Central Africa

IITA holds forum with village chiefs and farmers to promote cassava production in Zambia’s Eastern Province

Participants visiting a cassava multiplication site established by the FTF project in Chipata.

Participants visiting a cassava multiplication site established by the FTF project

On 14 July, IITA and partners working under the project Mitigating Cassava Disease Threats for Improved Cassava Production held a community-level forum with  the traditional village heads and cassava growers from four districts in the Eastern  Province of  Zambia. The objective was to determine their most pressing challenges to cassava production as well as to work out action plans to address these problems. About 70 village Heads and farmers from Chipata, Petauke, Lundazi, Ketete, and  Mambwe attended the forum; it was held at  a participant’s farm in Chipata.

The  project  is  one of the six  components of the Zambia Feed-the-Future Research and  Development Program, which is funded by USAID and  coordinated by IITA.

“The idea of the forum is to identify problems in cassava production from the perspective of the local farmers,” said Dr Pheneas Ntawuruhunga, cassava breeder and leader of the project. “We involved the traditional village chiefs because they are a vital social node for farm-related information besides the fact that they are held in the highest esteem by members of their communities. This will help to ensure that whatever agreements or action plans are developed in  the forum will be followed up.”

Through participatory focus group discussions, the village chiefs and farmers highlighted common challenges to cassava production in their communities. These were a lack of good seeds/planting materials, prevalence of diseases attacking the crop, a lack of market for their produce, and the low numbers engaged in cassava production. In addition, they said that domestic animals/livestock and elephants were eating their cassava; bush fires were damaging cassava stands; cassava roots were being stolen, and there is a lack of training and information on good cultural practices, among others.

“From a research standpoint, we are aware of some of these issues which the project is already addressing. Through this local engagement, we are also able to verify from the farmers themselves that these are indeed their main challenges, and even the proposed solutions can come from them,” added Dr Ntawuruhunga. “Such engagement enables farmers to have a sense of ownership of the project.”

During the forum, farmer-participants came up with action plans to address the challenges they had identified. Some of the solutions  proposed included project farmers  taking   the responsibility  for sharing   knowledge  and  information on good cultural practices with their fellow farmers; by-laws should be passed by the village chiefs penalizing owners of free-roaming livestock that damage other farmers’ crop; cassava growers should make sure that appropriate fire breaks are integrated  in their fields to minimize or avoid bush fire damage; neighbourhood watches should be established or strengthened to deter theft; ropes dipped in chili should be used to fence off the cassava fields from elephants.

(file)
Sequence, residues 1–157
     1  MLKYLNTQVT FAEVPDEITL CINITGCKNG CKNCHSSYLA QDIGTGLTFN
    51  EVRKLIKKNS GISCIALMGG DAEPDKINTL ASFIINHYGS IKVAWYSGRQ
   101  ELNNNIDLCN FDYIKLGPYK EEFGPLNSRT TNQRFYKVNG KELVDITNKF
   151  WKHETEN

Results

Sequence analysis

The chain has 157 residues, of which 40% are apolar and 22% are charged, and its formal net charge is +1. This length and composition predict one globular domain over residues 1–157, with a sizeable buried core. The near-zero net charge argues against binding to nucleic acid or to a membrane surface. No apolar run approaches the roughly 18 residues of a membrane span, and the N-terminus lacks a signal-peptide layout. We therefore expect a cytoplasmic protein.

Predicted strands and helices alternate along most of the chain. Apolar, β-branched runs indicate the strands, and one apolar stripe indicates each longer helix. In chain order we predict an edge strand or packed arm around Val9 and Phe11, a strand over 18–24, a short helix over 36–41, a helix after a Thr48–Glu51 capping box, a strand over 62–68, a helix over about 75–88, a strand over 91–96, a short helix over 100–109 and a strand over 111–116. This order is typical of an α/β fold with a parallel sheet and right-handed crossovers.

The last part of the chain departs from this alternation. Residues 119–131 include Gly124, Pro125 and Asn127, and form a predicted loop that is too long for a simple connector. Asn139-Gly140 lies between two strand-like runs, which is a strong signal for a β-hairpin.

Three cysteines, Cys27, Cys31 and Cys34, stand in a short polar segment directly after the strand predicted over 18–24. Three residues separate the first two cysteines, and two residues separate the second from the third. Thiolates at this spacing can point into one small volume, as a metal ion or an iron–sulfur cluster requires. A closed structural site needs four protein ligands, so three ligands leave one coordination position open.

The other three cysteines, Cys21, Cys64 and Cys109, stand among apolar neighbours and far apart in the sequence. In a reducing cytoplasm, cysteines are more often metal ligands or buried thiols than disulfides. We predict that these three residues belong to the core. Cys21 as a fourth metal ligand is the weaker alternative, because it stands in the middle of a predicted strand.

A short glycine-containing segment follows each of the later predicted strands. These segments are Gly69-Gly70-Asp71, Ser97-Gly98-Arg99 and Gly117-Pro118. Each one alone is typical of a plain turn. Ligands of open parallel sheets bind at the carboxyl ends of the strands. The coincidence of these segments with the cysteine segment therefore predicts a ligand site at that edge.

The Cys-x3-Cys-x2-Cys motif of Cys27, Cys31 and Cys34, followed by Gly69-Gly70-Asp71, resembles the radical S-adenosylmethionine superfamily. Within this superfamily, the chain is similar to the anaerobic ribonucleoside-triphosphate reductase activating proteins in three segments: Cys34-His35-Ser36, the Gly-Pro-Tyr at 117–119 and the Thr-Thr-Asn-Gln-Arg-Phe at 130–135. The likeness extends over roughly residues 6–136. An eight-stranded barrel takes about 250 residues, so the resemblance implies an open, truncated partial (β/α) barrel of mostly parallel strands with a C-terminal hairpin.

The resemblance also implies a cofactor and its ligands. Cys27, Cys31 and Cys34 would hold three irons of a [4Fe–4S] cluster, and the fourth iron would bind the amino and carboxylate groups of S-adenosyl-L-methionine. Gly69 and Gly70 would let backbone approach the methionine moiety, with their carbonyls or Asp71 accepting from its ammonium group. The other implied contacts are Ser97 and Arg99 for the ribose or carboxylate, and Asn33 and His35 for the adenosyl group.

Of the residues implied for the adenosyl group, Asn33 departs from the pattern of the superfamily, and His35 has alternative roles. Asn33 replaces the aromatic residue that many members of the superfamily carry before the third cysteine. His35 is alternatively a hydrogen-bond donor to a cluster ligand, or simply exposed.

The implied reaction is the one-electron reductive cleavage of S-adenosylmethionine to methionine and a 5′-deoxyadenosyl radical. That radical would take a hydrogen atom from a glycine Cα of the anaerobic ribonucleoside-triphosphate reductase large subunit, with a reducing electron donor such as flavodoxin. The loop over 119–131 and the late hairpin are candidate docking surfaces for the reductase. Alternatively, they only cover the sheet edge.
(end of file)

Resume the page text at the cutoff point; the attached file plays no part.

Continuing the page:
“But, of course, the project is here to provide farmers with the research support and backstopping they need to improve their cassava production,” said Mr Kennedy Kanenga, the Acting Provincial Agricultural Coordinator for the Eastern Province and Director of the Zambia Agriculture Research Institute’s (ZARI) Msekera Research Station.

“For example, through the project, ZARI and IITA can provide farmers with good quality planting materials that are well adapted, high yielding, disease resistant, and with the qualities that end users prefer. We will also help them to identify markets for their produce, as well as deliver training on modern cultural practices. These are just some of the interventions that we can make based on the needs the farmers have identified in this forum,” Mr Kanenga added.

The stakeholders’ forum also gave the project researchers the opportunity to clarify some misconceptions raised by farmers, such as the belief that cassava can cause blindness and that regularly eating cassava causes goiter.

“This exercise has enabled us to get a feel of the pulse of the communities – to see the situation through the eyes of the farmers,” Dr Ntawuruhunga emphasized. “This is something that IITA will be doing for our other projects as well, to make our research results even more relevant to our intended beneficiaries.”

“It is now up to them [village chiefs and farmers] who are present here to follow through with the action plans that they developed. The donor [USAID] wants to see solutions coming from the farmers themselves and an increase in the number of farmers getting into cassava production in Zambia. Of course, IITA and our partners in this project will continue to support them in whatever way we can,” he concluded.

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